New York city in the 1920s: a singer struggles to keep her boyfriend from trouble. When she makes it to Ziegfeld, he heads for five years in jail. Lots of Faye and Jolson singing. The story is so close to the true story of Fanny Brice and Nicky Arnstein (Jules W. Arndt Stein) that he sued the studio in a case that was quickly settled out of court in his favor. Written by
Ed Stephan <firstname.lastname@example.org>
The history of the cinema is filled with great movies; but more than that, there are special `moments,' from the great and even the not-so-great films that thanks to the magic of the movies have been preserved for all time, and now thanks to video and DVD are readily accessible for the viewing pleasure of audiences in living rooms everywhere. These movies are treasures to be cherished and savored, because they're not simply entertainment, but time capsules in which history has in some cases been inadvertently gathered and stored for posterity. And one of the jewels in this vast treasure chest that is the cinema is `Rose of Washington Square,' a 1939 picture from 20th Century Fox, filmed in glorious B&W, directed by Gregory Ratoff and starring Tyrone Power, Alice Faye and Al Jolson.
Power is Bart Clinton, a charismatic petty thief and con man whose charm and good looks keeps him one step ahead of the law as he moves from one scam to another. He's not such a bad guy, but more like a salesman without a product who utilizes his natural abilities to put a buck in his pocket. Faye is Rose Sargent, a struggling vaudeville singer, teamed up with Ted Cotter (Jolson), who together have hopes and dreams of making it to the big time. But worlds collide when Bart and Rose meet and fall in love. Ted sees Bart for what he is, but his advice to Rose falls on deaf ears, blinded as she is by her unconditional love for a man who stands in the way of not only her success as an artist, but her happiness, as well. And in the grandest tradition of Hollywood, their story plays out amid the excitement of that most famous of all avenues of aspirations, Broadway, and that town of towns, New York.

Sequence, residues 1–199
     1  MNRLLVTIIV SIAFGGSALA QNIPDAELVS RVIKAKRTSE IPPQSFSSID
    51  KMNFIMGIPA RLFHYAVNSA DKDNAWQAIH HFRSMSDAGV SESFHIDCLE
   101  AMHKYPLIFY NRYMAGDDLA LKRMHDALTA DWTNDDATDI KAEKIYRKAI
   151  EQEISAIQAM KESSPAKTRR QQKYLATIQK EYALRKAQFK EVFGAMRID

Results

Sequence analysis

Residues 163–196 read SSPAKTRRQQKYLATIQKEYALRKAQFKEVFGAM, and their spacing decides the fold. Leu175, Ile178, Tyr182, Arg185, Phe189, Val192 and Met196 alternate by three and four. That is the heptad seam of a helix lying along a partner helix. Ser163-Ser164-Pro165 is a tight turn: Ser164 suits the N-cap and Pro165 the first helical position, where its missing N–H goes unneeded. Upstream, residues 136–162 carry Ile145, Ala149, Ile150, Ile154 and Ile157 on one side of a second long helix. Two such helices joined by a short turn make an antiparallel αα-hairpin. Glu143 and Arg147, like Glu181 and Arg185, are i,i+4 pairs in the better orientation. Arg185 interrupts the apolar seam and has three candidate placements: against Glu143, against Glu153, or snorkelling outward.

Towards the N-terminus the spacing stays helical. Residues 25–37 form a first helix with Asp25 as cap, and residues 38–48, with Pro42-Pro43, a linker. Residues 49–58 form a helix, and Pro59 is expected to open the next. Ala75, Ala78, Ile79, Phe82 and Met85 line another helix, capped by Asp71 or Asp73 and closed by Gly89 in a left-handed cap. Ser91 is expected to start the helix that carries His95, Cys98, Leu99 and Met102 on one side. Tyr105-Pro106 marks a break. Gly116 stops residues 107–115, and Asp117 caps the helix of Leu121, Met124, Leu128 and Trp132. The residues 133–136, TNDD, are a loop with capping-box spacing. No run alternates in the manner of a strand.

It's a good story, but with a plot that's far from unique, which in the grand scheme of things doesn't make any difference. This is solid and involving entertainment that affords the viewer the opportunity of seeing three bona fide stars together, and all doing what they do best. And just seeing them together on the screen is a moment all it's own; Power, Faye and Jolson, captured forever and immortalized through the magic of the motion picture. And at the time, who knew? To Darryl F. Zanuck this was no doubt just another picture that hopefully would produce a profitable bottom line for the studio. Did any of them have any idea what this would mean to audiences sixty years later, or what kind of legacy they were creating for future generations?